At the International Conference on the Implications of Climate Change for Defense, convened by France's Ministry of Defense in the lead-up to the 21st session of the Conference of the Parties (COP 21) to the UNFCCC, defense authorities and experts from 35 countries, the UN, the African Union and the EU shared views on the implications of climate change for defense, peace and security.
14 October 2015: At the International Conference on the Implications of Climate Change for Defense, convened by France’s Ministry of Defense in the lead-up to the 21st session of the Conference of the Parties (COP 21) to the UNFCCC, defense authorities and experts from 35 countries, the UN, the African Union and the EU shared views on the implications of climate change for defense, peace and security.
The event convened in Paris, France, on 14 October 2015, and included round-table discussions on: pressure on natural resources and food security; extreme weather events and human security; implications for defense policy; and green defense.
In his statement to the conference, UN Secretary-General Ban Ki-moon warned that extreme weather events threaten to provoke widespread food insecurity and humanitarian crises, including massive population movements. Underscoring climate change as a threat multiplier, Ban said it can both exacerbate conflicts within and between States, as well as threaten international peace and security. He commended those looking at “green defense” solutions, including infrastructure changes, and energy and technology initiatives.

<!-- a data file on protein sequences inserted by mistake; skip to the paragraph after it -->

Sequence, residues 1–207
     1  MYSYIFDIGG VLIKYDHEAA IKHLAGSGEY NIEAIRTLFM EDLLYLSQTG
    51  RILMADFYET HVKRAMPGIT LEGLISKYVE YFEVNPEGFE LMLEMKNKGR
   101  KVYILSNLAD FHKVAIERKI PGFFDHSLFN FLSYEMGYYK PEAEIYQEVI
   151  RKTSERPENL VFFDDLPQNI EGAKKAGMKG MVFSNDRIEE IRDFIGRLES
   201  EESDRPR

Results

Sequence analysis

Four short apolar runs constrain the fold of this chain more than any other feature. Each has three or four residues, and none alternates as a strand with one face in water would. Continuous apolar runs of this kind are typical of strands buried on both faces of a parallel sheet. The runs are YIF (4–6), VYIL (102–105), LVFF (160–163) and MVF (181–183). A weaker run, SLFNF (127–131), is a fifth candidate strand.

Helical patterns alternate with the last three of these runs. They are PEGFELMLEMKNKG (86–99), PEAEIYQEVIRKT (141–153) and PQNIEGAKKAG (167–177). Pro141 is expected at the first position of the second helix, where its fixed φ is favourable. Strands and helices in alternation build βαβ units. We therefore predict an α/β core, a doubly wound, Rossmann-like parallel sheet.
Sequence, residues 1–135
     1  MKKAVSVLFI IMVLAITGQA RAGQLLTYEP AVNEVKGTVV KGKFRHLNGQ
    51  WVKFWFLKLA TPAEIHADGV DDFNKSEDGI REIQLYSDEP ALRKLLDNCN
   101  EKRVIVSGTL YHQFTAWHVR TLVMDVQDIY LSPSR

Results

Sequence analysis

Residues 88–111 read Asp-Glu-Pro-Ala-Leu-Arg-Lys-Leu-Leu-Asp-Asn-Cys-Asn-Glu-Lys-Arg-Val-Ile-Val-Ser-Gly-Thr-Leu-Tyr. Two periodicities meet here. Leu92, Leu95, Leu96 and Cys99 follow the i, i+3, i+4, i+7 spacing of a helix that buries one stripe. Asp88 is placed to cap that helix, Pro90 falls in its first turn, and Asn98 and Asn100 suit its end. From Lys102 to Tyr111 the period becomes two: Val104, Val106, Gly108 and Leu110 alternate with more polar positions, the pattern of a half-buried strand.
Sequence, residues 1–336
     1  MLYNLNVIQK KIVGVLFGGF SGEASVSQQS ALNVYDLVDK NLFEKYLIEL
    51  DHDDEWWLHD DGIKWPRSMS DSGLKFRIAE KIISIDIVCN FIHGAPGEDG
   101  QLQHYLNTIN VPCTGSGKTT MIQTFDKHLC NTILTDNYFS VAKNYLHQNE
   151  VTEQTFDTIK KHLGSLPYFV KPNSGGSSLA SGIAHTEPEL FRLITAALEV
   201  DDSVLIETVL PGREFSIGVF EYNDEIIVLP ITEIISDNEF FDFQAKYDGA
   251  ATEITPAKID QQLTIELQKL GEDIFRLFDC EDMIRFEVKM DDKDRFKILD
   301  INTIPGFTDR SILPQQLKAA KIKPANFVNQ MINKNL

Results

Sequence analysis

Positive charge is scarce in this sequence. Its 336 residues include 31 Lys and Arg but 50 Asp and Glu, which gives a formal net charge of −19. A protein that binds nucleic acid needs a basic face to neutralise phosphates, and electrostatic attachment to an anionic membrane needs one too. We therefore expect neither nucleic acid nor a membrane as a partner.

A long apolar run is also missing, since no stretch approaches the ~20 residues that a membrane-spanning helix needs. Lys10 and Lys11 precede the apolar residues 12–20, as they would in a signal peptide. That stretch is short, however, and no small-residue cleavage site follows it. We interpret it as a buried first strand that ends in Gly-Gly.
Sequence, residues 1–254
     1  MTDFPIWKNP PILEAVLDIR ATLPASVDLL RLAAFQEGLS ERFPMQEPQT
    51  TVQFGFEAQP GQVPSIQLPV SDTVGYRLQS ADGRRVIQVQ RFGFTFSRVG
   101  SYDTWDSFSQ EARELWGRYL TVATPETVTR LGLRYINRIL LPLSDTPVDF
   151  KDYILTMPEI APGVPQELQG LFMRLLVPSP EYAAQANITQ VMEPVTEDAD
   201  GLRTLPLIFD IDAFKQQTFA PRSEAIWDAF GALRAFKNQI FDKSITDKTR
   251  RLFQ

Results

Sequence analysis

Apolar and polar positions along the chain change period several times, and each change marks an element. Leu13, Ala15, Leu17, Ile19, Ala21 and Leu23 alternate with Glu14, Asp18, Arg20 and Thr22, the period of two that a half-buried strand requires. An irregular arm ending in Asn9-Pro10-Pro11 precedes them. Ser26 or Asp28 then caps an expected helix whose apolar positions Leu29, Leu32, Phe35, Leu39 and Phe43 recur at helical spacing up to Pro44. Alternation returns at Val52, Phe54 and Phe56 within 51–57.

Ban also recalled the recent urging by the North Atlantic Treaty Organization (NATO) Parliamentary Assembly for member governments to support a binding global climate agreement, which he said would lead to benefits such as: poverty reduction; the promotion of sustainable development; mitigated risks; and strengthened peace and stability. He added that failing to achieve such an agreement in Paris would lead to “insurmountable challenges” regarding achieving the Sustainable Development Goals (SDGs) and roll back decades of development efforts.
Ministers discussed experiences related to vulnerability and climate change, including consequences for their armed forces. They also addressed: the contributions of their departments to public policies for sustainable development, from the eco-design of weapon systems, to the energy efficiency of infrastructure and equipment; and the protection of ecosystems in operational theaters.
The Government of Seychelles, which was represented at the meeting, notes that the consequences of climate change threaten global peace and security “by amplifying vulnerabilities in fragile countries and regions which may lead to crises or conflicts.”
A follow-up meeting is expected to take place in Morocco, the host country of COP 22, in 2016. [Statement of UN Secretary-General] [Government of Seychelles Press Release] [IISD RS Story on NATO Call] [Embassy of France in Accra Press Release]